Ø Youth civic education as public work: In the northwest corner of Missouri and adjacent areas of Iowa, Nebraska, and Kansas, the Heartland Foundation turned the international civic education initiative Public Achievement based on public work into a program called EmpowerU. It has involved more than 20,000 young people, created a new sense of young people’s stake in their communities, and significantly impacted their intention to stay in the region.
Ø Transforming special education through public work: Augsburg University’s special education program, working with Twin Cities schools, has adapted Public Achievement to change from the medical model now dominating special education pedagogies to an empowering approach. In the process, “problem children” become “problem solvers” and creators of community wealth. Their hidden talents and intelligence come to the surface.
Ø Government as civic catalyst through public work: In Eau Claire, Wisconsin, city manager Mike Huggins initiated Eau Claire Clear Vision, in which government supports public work by teams of citizens. Clear Vision has helped to improve relations with immigrants, generated a large performing arts center, created community gardens, and is now working on poverty issues. Clear Vision has helped to repair the citizen-government divide, and won a prestigious Harvard Kennedy School Ash Innovation in Government award.
Ø Colleges growing citizens through public work: Denison University in Granville, Ohio, has redefined residential halls as diverse residential communities where students learn to live as neighbors and citizens of a place using public work and conversation to work through conflicts, from drinking and dirty dishes to race relations.
Ø Professional practice as public work: The Citizen Professional Center at the University of Minnesota, founded by Bill Doherty, a leading family social scientist, builds on the public work concept to recast professional roles in family and health professions by creating catalytic, empowering practices and professional identities as citizens. It has gained wide attention for its approaches that help to reweave the social fabric. The work points to citizen professionals such as citizen nurse, citizen teacher, citizen politician, citizen faculty, citizen businessperson.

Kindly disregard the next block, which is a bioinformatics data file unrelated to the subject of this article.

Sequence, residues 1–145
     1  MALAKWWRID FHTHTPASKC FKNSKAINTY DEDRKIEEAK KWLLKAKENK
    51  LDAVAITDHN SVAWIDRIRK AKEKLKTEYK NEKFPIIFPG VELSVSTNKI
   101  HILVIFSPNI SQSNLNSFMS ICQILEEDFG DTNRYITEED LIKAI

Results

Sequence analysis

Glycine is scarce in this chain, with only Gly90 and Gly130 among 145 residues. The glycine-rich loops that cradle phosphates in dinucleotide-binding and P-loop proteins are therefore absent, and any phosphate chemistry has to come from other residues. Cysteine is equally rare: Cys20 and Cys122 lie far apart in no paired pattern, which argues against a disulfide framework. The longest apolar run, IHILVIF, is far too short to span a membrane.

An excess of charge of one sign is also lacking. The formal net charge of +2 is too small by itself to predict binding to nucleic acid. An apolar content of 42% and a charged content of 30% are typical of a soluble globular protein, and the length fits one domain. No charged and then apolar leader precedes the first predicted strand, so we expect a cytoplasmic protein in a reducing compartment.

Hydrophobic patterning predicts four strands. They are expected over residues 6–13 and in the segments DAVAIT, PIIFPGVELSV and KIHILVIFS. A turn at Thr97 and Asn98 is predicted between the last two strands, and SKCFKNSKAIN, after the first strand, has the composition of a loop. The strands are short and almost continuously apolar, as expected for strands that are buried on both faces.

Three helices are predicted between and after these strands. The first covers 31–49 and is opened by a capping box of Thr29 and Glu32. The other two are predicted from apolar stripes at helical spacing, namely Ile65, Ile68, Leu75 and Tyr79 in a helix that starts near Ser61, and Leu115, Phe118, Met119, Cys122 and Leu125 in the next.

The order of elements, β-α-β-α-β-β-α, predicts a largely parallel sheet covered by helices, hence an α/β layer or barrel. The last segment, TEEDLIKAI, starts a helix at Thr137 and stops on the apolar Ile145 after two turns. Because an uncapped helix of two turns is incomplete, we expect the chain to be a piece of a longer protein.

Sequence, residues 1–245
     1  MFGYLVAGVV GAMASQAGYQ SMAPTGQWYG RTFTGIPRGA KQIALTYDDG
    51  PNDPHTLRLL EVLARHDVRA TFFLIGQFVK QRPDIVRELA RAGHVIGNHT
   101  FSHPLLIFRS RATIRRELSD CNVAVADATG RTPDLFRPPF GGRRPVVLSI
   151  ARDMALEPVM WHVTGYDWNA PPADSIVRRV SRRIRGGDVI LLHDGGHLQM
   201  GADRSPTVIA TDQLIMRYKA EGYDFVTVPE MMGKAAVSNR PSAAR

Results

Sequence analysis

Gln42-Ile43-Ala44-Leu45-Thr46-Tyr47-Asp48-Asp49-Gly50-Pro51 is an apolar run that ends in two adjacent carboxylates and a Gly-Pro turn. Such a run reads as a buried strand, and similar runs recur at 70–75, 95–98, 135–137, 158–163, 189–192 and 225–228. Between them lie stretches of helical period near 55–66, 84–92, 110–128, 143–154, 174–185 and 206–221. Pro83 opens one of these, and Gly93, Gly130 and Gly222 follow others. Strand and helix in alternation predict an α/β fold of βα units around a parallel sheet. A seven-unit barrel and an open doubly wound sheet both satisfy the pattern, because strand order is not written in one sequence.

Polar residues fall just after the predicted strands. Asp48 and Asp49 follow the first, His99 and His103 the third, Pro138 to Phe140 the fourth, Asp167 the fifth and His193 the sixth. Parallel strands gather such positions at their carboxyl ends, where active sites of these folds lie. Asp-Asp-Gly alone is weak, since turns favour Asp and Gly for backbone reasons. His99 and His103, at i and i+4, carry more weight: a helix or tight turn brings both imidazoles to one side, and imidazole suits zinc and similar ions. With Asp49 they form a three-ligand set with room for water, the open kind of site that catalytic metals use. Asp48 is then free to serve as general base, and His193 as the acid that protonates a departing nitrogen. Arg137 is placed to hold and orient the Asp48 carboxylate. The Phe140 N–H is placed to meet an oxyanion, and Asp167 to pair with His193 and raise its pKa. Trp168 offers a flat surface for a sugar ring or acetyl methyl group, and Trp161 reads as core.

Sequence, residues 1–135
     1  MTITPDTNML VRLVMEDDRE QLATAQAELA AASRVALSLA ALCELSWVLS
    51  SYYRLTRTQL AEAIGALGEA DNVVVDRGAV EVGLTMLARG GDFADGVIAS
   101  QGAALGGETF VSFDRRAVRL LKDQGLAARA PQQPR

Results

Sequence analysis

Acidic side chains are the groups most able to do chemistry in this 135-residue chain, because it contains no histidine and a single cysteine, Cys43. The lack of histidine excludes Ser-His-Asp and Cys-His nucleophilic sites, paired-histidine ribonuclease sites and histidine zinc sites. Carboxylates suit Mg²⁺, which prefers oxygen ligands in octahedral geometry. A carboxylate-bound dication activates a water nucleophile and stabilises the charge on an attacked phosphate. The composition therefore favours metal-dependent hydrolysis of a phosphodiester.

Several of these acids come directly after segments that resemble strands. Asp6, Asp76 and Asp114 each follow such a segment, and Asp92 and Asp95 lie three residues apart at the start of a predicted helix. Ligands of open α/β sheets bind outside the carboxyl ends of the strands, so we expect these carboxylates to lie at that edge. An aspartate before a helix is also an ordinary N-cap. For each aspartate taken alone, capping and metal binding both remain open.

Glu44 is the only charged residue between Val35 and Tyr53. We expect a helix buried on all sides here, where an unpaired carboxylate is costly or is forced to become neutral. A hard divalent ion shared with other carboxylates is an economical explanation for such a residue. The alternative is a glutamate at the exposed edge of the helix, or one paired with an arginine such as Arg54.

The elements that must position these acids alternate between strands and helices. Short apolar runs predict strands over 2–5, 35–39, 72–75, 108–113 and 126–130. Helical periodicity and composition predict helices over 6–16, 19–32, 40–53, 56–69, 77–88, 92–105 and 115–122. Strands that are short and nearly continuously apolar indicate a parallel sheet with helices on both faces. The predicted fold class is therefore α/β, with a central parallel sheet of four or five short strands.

Ø Development as public work: In villages in Burundi, Marie Ström and other seasoned adult educators reframed development efforts from rights holders demanding resources to citizens as co-creators, solving problems and creating stronger communities. In the process, views of democracy, politics, and identities of citizens radically expanded, and an initiative emerged to create productive public relationships between police and villagers.
A practice for the New Nonviolence
Nonviolent movements of any kind develop everyday practices. “If you want to work through nonviolence you have to proceed with small things,” said Gandhi.
In the Montgomery bus boycott which launched the civil rights movement, domestic workers walked to work rather than take segregated buses. They became an inspiring symbol. A driver offered an elderly woman a ride. She refused. “I’m not walking for myself,” she explained “I’m walking for my children and my grandchildren.”
In our polarized, inflamed public culture, where do we start?
Action Idea: Have a meeting with someone you disagree with. Refrain from judging what is wrong with their views. What’s their story? Why do they feel strongly? Are there things you can learn?
Is there common ground for public work?